In a show of gratitude to those who served, a barbecue is set for local veterans and their families on Sunday, July 5 at Coconut Cove Resort in Islamorada. 

The annual event, put on by The Long Walk Home and founder Ron Zaleski, will feature a day of enjoyment and relaxation with food, entertainment, games and silent auctions. Zaleski said the day gives veterans the chance to connect and converse with others who’ve gone and continue to work through similar struggles. 

“If you went on a roller coaster with six people, those people can share the experience of the ride. Other people watching think they know what happened but they were not on the ride,” Zaleski said. “Vets who understand where other vets are coming from can share their experiences and get it off their chest.”

Zaleski is known for his 3,400-mile journey barefoot across America from Concord, Massachusetts to Santa Monica, California in 2010 to raise awareness of an alarming statistic: 18 veterans a day commit suicide. The alarming statistic of the now 22 suicides a day is just the tip of the iceberg with the collateral damage, homelessness, drug and alcohol addiction, and spousal and child abuse.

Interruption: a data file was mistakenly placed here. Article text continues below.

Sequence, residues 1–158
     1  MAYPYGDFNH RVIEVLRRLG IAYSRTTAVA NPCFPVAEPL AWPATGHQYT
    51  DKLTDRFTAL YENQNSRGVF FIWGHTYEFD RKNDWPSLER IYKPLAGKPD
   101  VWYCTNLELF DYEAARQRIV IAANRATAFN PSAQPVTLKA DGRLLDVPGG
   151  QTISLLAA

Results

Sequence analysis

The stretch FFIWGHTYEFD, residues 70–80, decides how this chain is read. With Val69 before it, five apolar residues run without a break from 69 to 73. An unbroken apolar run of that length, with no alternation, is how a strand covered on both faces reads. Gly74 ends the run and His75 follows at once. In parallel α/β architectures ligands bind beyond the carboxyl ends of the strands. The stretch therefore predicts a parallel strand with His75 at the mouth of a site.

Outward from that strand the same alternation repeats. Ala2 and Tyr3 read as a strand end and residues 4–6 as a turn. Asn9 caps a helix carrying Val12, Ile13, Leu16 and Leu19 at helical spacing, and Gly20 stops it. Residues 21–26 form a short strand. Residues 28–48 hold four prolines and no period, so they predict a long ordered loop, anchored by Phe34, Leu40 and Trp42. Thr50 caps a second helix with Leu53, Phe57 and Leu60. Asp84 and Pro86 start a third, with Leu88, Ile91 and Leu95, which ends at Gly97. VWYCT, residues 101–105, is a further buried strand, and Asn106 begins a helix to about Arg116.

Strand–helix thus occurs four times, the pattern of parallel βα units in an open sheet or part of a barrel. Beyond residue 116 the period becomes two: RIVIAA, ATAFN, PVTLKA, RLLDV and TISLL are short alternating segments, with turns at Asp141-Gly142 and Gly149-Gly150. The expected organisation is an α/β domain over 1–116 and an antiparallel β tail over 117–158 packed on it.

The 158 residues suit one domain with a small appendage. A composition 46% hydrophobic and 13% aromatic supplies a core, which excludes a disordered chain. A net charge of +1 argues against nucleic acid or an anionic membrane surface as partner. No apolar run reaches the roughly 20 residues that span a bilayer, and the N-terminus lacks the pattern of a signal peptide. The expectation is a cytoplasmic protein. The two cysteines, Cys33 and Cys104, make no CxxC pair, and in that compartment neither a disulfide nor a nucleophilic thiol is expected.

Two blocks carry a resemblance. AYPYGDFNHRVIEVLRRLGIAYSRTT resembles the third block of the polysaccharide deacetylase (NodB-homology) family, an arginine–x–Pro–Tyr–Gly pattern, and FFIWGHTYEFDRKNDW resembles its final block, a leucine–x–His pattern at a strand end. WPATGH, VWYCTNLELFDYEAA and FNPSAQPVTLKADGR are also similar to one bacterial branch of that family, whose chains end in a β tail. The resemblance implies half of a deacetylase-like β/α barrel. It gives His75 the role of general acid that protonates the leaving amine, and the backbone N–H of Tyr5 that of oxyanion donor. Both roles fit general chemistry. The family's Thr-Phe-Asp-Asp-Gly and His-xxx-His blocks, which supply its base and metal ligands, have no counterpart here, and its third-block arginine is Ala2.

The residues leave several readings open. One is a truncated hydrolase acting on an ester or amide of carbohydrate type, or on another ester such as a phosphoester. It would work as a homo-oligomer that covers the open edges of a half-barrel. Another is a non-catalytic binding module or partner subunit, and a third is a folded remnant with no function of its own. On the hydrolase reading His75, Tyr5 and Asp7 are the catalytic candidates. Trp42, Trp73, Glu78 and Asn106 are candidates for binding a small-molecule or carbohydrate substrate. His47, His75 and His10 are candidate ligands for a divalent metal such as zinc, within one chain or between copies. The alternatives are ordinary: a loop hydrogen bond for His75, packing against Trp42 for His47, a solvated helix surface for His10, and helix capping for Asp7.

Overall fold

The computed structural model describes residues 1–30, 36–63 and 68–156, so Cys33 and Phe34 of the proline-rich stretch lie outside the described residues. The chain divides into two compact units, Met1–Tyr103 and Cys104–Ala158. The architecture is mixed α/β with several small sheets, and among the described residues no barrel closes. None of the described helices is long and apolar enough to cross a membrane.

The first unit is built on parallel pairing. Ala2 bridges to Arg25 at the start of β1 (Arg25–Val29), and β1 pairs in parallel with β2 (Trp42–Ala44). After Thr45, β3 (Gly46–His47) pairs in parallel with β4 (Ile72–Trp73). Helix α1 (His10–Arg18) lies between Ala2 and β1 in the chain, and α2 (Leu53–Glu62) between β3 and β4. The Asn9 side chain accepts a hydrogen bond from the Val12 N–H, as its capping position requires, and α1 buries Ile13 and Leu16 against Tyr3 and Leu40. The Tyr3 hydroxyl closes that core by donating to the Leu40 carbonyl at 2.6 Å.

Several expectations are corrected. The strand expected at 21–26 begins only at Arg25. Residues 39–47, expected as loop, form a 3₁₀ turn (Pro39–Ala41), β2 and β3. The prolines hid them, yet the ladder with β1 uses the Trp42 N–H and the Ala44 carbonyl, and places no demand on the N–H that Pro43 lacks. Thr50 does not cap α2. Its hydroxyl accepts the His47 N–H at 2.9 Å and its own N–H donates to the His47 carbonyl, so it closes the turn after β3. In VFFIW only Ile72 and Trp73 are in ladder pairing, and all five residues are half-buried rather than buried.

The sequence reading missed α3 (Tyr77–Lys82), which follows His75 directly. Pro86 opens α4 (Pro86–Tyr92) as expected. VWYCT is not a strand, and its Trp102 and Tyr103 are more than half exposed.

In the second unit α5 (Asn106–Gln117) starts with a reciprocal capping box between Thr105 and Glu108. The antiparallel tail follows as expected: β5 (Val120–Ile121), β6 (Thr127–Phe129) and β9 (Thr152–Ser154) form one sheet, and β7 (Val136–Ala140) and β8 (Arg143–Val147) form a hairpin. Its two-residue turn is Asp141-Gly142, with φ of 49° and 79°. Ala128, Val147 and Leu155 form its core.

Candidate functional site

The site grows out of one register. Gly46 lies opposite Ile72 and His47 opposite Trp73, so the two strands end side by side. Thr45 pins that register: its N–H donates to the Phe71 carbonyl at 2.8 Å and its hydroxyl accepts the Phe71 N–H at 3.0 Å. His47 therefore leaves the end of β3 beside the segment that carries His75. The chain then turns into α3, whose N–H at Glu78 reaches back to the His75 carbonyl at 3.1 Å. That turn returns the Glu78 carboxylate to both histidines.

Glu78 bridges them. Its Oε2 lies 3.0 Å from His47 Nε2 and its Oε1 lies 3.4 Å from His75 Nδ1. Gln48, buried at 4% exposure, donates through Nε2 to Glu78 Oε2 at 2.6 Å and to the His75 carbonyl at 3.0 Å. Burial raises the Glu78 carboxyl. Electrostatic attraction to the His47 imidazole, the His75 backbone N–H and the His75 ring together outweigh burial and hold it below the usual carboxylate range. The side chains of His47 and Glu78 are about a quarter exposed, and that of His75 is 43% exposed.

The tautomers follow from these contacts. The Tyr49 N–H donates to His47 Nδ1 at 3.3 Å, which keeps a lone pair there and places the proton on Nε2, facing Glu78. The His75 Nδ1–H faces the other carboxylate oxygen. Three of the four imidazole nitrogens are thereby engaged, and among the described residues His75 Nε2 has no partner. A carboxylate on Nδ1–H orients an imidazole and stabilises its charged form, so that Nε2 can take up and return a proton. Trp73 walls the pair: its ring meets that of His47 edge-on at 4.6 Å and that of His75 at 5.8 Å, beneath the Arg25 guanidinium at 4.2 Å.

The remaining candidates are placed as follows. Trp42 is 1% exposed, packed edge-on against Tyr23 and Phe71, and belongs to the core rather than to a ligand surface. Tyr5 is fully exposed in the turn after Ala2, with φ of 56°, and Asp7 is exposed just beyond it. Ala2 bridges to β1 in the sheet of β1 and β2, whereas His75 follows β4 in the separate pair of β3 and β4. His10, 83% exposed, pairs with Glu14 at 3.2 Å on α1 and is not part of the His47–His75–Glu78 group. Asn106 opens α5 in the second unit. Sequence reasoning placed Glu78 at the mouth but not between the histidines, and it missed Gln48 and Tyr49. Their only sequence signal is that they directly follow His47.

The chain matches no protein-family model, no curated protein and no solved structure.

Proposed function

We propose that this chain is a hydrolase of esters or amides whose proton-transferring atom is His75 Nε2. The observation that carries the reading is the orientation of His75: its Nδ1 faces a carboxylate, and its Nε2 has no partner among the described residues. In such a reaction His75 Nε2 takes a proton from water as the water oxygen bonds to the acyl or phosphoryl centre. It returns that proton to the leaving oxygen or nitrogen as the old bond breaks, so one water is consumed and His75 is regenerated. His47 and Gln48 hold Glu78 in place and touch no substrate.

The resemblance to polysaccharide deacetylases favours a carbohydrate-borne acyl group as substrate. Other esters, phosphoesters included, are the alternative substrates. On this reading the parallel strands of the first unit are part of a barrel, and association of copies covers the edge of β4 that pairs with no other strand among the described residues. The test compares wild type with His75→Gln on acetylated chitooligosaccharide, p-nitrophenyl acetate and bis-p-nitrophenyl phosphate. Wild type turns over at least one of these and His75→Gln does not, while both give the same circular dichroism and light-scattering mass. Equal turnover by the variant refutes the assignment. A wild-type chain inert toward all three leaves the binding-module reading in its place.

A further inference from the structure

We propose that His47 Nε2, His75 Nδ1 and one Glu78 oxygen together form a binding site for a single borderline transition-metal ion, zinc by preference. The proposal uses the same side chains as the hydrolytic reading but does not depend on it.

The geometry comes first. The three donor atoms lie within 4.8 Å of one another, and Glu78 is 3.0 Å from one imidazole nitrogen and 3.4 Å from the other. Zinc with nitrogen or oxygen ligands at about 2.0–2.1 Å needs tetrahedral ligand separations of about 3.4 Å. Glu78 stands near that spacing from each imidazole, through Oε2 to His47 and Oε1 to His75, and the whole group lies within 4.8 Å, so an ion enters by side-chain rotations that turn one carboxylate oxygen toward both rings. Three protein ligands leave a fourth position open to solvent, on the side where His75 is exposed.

Gaining recognition for his efforts from the U.S. Veterans Affairs Subcommittee, Zaleski felt compelled to continue the work and provide outreach to veterans needing a helping hand. Then came the creation of the nonprofit The Long Walk Home. The organization provides various services, including gym discounts for vets at Mack’s Gym in Key Largo, swims with dolphins at Dolphins Plus Marine Mammal Responder in Key Largo and backcountry fishing trips with R & R Fishing and Ben Trainer, a Marine veteran. Proceeds from the barbecue will go to Trainer’s free fishing program for vets. 

“We’ve done a lot with Trainer,” Zaleski said. “It’s been really beneficial to the guys who take advantage of what he offers.”

The event takes place from 11 a.m. to 5 p.m. at Coconut Cove Resort, MM 84.8. To ensure the safety of those in attendance, Zaleski said volunteers in masks and gloves will be on hand to take temperatures. 

“I want to reach out to guys,” Zaleski said. “People don’t go for help if they don’t come to this. I know a lot of people are stressed and scared, and this is a good place to let it out.”

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